The story of the monkey that took a selfie and caused the great controversy of copyright

The story of the monkey that took a selfie and caused the great controversy of copyright

A monkey took a selfie in 2011 with a photographer’s camera. Who owns the image, the monkey or the photographer? This is the question we have been asking ourselves ever since. This is the case of the selfie taken by Naruto, a black macaque from Indonesia who pulled the trigger of the camera 7 years ago. Since almost then, a whole legal battle has been waged to find out who owns the rights.

The story began when Wikimedia, the foundation behind Wikipedia, used the image claiming that it had been taken by the monkey, so that by not being able to exercise its right to claim, it was free. Without knowing it, a legal war had been started over this simple nonsense (not for the owner of the camera, because he will lose his income for that photograph).

The photographer claims to have lost tens of thousands of dollars since the photograph was on Wikimedia

PETA (People for the Ethical Treatment of Animals, an organization), later, was the one who sued the photographer for selling the photograph, and now it is also who has settled the issue, after the final judgment was known and the organization and David Slater reached an agreement. The judge, specifically, ruled that it was impossible for the primate to make it known if he wanted to collect gifts or not, so the rights do not belong to him.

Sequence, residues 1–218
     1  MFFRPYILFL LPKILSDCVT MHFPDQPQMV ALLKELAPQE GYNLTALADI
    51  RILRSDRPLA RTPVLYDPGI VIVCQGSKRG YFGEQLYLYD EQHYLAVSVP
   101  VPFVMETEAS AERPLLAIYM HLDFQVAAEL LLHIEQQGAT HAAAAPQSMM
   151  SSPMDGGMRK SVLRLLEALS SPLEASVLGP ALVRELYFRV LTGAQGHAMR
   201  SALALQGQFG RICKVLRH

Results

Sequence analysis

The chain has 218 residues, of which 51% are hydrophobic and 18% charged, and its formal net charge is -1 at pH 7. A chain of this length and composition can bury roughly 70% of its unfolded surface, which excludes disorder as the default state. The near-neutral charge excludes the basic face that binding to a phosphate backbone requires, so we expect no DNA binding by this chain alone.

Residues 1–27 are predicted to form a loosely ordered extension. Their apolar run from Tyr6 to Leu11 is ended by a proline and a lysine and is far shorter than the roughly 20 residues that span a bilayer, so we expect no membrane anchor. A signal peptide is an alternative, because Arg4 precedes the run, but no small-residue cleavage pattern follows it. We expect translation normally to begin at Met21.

The (surreal) story of a monkey who doesn’t care about his selfie rights

david slater selfie macaque naruto

Initially PETA’s lawsuit was dismissed (and rightly so; the topic should have stayed there), but the organization decided to appeal alleging that the law does not specify that the owner of a work does not have to be human. Now a judge has ruled that primates cannot own works, so the image rights become Slater’s.

The judge affirms that the macaque has the right to claim, but the rights until then don of David Slater

We have no idea if the animals want to own copyrights or open bank accounts to withhold their gifts from image sales, the judge stated in the ruling; (PETA) seems to employ Naruto as an involuntary pen in his ideological goals. The judge again insisted the PETA lawyer, who declared that there was discrimination because it was a non-human animal, stating that non-human animals have the constitutional right to take the case to court, so they can exercise it.

david slater selfie macaque naruto photography

The photographer, however, reached an out-of-court settlement declaring that donate 25% of all image income to the organization to support the macaque that brought him fame. PETA has the option to appeal, but everything indicates that this would not happen, especially since the judge had made it clear that PETA was not part of the agreement at any time, in addition to the fact that they were not taking it into account.

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